Think of Kris Allen as the tortoise to Adam Lambert's hare. Musical-theater veteran Lambert is the unabashed front-runner in the race for the "American Idol" prize this year — the subject of fawning attention from the judges, the audience and eBay entrepreneurs. But week after week, Allen has slowly but surely been turning in solid, well-received performances, such as Tuesday's reinterpretation of the disco classic "She Works Hard for the Money."
Could the soft-spoken worship leader from Conway, Arkansas, possibly pull an upset in a season that has often felt like a bullet train barreling toward a showdown between Lambert's bombastic theatricality and Danny Gokey's gospel-splashed sincerity?
MJ Santilli, founder of the popular "Idol" fan site Mjsbigblog.com, said that Allen has accomplished an underappreciated feat in going from cannon fodder the judges didn't seem to think would move beyond the semifinals to someone they didn't mind and now to the top five. "I think contestants that do the best carve out a niche for themselves and stick with it," she said. "They know who they are as artists and follow a path."
While Lambert has been praised for rearranging songs to suit his style every week, Santilli said efforts like his torch-song take on "If I Can't Have You" don't surprise her anymore.
"I would expect him to do that," she said. "He's consistent, but my comments early on were that Kris didn't have a lot of charisma, but as the show progressed he seemed to find his footing on the 'Idol' stage and he grew more confident." That self-assurance came after early digs from the judges that Allen was too bland and wasn't showing the panel any signs of his personality or what might make him an interesting recording artist.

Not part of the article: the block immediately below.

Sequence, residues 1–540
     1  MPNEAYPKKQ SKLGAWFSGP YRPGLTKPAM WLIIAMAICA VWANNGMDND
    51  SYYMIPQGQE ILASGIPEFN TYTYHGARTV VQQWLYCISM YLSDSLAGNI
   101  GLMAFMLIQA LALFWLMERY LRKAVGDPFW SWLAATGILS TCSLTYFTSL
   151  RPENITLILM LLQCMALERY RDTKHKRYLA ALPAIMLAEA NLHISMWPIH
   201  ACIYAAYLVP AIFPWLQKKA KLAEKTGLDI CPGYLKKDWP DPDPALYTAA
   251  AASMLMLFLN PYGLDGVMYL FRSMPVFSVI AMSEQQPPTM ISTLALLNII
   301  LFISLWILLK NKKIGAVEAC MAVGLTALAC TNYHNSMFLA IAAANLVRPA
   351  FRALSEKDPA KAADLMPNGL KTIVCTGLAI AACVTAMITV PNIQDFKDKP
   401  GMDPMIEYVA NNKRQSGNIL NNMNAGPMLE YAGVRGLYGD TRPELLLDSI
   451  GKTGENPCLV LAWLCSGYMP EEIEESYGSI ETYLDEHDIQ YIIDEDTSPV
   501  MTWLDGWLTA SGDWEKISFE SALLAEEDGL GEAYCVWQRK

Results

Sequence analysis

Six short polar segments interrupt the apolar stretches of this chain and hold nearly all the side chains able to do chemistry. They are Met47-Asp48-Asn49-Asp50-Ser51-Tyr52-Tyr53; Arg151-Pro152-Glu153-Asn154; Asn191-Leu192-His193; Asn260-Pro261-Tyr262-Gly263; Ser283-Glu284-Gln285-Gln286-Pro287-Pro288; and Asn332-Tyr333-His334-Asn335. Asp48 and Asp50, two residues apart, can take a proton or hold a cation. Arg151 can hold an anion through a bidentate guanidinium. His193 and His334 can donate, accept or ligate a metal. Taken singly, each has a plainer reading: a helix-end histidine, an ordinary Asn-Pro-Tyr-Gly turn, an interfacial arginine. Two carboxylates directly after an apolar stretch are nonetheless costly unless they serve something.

While Santilli doesn't think Allen will win because he is so understated, lacking Lambert's showy persona and Gokey's big voice, she could definitely see him in the top three and possibly even as a second-place finisher. "I'm beginning to think that Gokey is losing steam," she said. "And you're hearing Kara say things to Kris like, 'You could make a record right now,' which makes it seem like she'd be interested in working with him."
Entertainment Weekly "Idol" expert Michael Slezak sees how it's been easy for Allen to fly under the radar, when "the judges refuse to give you credit no matter how good you are." Pointing to his solid performances over the past several weeks, including a breakout version of the Oscar-winning "Falling Slowly" from "Once", his thoughtful reinterpretation of Don Henley's "All She Wants to Do Is Dance" and this week's Donna Summer makeover, Slezak said Allen's problem is that he's much more subtle than the flamboyant Lambert, which causes him to be overlooked. "With him, it's much more about the emotion of the song and trying to tell a story through the lyrics rather than hitting these giant notes and using vocal bombast," Slezak said, comparing Allen to such low-key season-seven finalists as Brooke White and recent major-label signee Jason Castro.
"The judges never use the word 'front-runner' or 'contender' [with Allen]," said Slezak, who pointed to the early drumbeat for a Lambert vs. Gokey finale, which was most recently stoked on March 23 during a joint appearance by Simon Cowell and Randy Jackson on "The Tonight Show." Cowell mentioned Lambert and Gokey as likely finalists, but not Allen.
"For some reason, they won't give Kris effusive praise, but the 'Idol' audience is smart and they don't need Mommy and Daddy to tell us who is good," Slezak said. "And if you notice, [Allen] has never been in the bottom three."
Agreeing with Santilli that Allen isn't likely to overcome Lambert's massive lead at this point, Slezak said he could see Allen placing second as Gokey's momentum appears to be stalling. "Some people felt David Archuleta was unbeatable last season, and then David Cook snuck up and did it," he cautioned. "There's still four weeks of live performances left, and now it's more than one performance a week, so if he continues to take risks, that's the key."
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